In order to be considered for admission to the TCU DMA Program, all international students must complete the Test of English as a Foreign Language and achieve a score of 100 on the iBT, TOEFL or 7.5 on  the IELTS. Official scores must be sent to TCU from the testing agency.

This requirement applies to prospective international students.

Students who have earned a degree (in music) at an English-language university may be exempted from taking the TOEFL, at the discretion of the DMA Oversight Committee.

The on-campus interview and submitted writing samples will also be used to evaluate each applicant's English language proficiency. International students may be asked to interview via teleconference to ascertain listening and speaking ability in English.

GRE

The GRE is required of DMA applicants in Composition and Piano Pedagogy. Be sure to take the exam early enough that scores are available during the admissions decision process.

Application Deadlines

For full consideration, applicants seeking admission to the DMA Program should complete their application by December 15 to be considered for fall matriculation.

Graduate Assistantships

Graduate assistantships are available in various areas; these assistantships provide a tuition waiver, a stipend or both, and require up to 10 hours of work per week. Graduate assistants must be full-time resident students. Applicants should indicate their interest in being considered for an assistantship on the application for admission. The application must be received in the graduate office by December 1 for full consideration for the fall semester.

Generally, assistantships are for a complete academic year and are not available starting in the spring semester. Students are notified by April 15 if they have been granted an assistantship for the next academic year.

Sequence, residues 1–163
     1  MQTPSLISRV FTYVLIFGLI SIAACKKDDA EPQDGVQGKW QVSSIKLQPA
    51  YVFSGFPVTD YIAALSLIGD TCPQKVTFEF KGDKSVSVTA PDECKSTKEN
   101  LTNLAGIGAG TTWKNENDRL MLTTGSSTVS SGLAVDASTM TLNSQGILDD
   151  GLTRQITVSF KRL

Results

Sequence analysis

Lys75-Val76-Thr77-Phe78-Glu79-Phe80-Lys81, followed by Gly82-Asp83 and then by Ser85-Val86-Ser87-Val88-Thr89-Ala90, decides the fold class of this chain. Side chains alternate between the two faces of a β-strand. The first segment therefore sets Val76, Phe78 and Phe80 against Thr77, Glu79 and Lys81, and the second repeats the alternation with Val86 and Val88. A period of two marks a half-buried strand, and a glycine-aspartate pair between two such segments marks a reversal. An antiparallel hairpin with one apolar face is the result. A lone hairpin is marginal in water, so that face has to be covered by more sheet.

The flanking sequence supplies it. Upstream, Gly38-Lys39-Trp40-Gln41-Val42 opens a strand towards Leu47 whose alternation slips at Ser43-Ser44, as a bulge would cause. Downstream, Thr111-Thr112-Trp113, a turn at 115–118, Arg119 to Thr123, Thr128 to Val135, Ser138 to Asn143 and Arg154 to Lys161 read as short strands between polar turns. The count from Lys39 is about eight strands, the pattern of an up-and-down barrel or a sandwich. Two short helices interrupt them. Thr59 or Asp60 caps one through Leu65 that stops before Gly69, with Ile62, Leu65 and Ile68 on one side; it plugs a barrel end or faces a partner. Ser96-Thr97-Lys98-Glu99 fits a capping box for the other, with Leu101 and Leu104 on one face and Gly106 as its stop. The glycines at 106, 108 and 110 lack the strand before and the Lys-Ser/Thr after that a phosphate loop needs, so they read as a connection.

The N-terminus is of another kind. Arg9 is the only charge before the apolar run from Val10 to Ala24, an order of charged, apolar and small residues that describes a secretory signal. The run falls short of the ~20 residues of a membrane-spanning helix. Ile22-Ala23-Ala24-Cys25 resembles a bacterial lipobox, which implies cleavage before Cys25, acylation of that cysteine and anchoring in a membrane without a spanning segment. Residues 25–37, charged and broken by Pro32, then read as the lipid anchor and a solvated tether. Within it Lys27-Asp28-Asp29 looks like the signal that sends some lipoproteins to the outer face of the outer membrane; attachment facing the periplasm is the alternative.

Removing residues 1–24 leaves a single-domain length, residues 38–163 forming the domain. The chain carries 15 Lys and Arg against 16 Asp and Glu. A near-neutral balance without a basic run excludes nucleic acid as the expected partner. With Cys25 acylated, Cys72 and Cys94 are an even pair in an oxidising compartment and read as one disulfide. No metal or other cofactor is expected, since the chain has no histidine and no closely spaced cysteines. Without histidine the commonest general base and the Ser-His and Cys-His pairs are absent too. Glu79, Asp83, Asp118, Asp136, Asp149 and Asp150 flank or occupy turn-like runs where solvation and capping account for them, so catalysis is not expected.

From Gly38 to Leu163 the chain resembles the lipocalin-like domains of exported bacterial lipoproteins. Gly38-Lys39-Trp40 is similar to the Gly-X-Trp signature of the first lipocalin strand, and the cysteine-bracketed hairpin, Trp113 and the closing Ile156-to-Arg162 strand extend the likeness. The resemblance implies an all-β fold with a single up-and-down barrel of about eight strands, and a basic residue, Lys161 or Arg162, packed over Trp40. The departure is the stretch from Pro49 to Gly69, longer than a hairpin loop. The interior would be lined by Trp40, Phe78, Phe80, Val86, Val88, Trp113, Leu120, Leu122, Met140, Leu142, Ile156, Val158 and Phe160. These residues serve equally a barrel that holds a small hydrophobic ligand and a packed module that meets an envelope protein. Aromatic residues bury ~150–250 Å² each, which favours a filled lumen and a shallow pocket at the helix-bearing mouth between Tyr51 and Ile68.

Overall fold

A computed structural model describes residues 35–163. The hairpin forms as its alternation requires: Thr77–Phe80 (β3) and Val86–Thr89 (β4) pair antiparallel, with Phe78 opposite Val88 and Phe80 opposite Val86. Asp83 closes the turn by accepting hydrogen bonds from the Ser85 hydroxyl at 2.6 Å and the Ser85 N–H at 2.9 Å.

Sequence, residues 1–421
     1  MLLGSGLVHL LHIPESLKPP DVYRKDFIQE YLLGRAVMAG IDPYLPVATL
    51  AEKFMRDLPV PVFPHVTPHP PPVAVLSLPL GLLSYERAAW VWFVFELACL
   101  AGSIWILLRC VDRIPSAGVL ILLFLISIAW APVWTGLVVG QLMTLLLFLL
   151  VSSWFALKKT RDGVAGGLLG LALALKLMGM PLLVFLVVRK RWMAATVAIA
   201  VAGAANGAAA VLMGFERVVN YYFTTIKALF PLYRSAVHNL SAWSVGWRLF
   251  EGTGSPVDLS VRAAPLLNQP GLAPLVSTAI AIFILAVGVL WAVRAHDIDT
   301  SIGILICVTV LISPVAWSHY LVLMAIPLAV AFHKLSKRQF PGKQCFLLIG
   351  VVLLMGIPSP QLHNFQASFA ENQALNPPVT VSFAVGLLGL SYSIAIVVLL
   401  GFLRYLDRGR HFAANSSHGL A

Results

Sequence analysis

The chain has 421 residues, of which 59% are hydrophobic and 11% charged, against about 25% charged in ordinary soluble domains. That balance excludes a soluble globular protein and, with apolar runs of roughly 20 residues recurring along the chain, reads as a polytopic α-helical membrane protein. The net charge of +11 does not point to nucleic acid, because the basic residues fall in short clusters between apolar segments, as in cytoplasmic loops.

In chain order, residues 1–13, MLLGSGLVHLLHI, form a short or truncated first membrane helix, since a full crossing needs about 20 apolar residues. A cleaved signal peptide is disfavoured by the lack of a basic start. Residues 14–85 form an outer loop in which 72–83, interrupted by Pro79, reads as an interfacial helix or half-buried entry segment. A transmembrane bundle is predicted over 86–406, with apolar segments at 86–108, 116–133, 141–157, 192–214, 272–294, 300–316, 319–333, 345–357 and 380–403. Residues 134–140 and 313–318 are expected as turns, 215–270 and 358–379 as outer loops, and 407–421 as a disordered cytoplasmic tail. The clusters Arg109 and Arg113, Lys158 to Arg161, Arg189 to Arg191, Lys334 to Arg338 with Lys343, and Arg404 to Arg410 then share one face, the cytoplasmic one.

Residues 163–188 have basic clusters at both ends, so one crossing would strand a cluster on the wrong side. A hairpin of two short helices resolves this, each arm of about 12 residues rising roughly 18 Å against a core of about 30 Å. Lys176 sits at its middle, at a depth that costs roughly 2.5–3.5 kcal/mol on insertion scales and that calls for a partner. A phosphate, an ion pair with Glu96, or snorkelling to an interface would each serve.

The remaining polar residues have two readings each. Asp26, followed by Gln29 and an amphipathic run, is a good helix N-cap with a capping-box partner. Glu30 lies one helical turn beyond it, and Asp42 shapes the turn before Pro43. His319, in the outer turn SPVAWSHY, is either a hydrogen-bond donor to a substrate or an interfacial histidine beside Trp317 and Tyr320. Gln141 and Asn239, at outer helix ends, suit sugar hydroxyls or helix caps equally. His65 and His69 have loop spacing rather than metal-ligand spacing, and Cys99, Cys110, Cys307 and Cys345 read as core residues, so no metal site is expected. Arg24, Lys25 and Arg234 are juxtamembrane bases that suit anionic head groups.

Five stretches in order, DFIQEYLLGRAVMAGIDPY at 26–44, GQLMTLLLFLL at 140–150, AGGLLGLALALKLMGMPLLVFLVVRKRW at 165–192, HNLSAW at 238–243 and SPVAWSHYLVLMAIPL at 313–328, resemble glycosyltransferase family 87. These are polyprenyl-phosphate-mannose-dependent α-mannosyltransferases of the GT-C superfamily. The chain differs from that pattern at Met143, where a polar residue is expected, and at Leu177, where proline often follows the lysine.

TCU adheres to the following Code of Ethics of the National Association of Schools of Music: "The acceptance of financial aid or the signing of a declaration of intent to enter a given institution to begin a specific degree or program of study shall not be binding if signed before April 15 of the calendar year of matriculation. In accepting this offer of financial aid from TCU, the student understands that there is a mutual commitment on the part of the student and the institution. The student agrees that after April 15 of the calendar year of matriculation, the student will not consider any other offer of financial aid from an institutional member of the National Association of Schools of Music or any other institution for the purpose of enrolling in a music major program for the academic year except with the express written consent of the music executive of TCU. Institutions shall allow students to choose without penalty among offers of admission and financial aid until April 15 of the calendar year of matriculation. Written declarations of intent become binding on these dates.